Writers and filmmakers on the cutting edge of Soviet President Mikhail S. Gorbachev's policy of glasnost have been honored with the 1988 State Prizes, the Tass news agency said.

Writer Vladimir Dudintsev won for his novel "White Clothes," a story of repression of scientists in the Soviet Union, Tass said.Among the other winners were the makers of the film "Is It Easy to be Young?" The film has become popular for its discussion of youth problems.

Also honored was a film crew from Kiev that made the documentary, "Chernobyl, the Chronology of the Hard Weeks," which portrayed the Chernobyl nuclear power accident in April 1986, and its consequences.

The novel and the two films could not have been released a few years ago, before Gorbachev instituted his policy of greater openness. But many long suppressed films and books are being brought into the open now, and artists are taking on more controversial issues.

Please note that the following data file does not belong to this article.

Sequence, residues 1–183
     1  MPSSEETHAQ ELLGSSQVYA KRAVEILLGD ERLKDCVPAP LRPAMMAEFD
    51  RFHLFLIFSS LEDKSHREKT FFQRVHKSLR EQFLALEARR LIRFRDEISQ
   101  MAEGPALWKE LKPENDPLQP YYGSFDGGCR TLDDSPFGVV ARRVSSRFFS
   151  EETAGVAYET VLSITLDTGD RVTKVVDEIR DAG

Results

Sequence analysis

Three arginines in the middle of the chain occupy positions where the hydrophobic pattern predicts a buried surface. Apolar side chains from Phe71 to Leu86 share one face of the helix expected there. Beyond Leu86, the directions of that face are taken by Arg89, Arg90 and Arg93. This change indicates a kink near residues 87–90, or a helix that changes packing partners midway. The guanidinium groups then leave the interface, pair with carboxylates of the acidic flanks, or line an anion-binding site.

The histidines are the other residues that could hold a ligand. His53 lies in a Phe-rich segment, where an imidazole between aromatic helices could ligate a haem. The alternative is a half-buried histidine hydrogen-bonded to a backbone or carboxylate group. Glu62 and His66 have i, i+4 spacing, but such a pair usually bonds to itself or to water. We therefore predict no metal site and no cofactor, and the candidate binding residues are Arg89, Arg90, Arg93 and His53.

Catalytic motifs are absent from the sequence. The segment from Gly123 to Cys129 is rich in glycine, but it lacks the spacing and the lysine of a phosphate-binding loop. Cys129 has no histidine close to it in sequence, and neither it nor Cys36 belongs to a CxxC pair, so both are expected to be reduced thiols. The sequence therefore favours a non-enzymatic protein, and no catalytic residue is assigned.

- A rare German Democratic Republic loan exhibition of works from East Berlin and Dresden museums will be at the Pierpont Morgan Library through Jan. 29, 1989.

"The Romantic Spirit: German Drawings, 1780-1850, from the German Democratic Republic" comprises 125 drawings and watercolors by the era's leading German artists. None of these works has been loaned to an American institution before.

Also on view at the library for their first public showing through Feb. 12, 1989, are the original drawings and paintings by Maurice Sendak for Wilhelm Grimm's "Dear Mili." The previously unknown tale by the 19th-century German storyteller was discovered in 1983.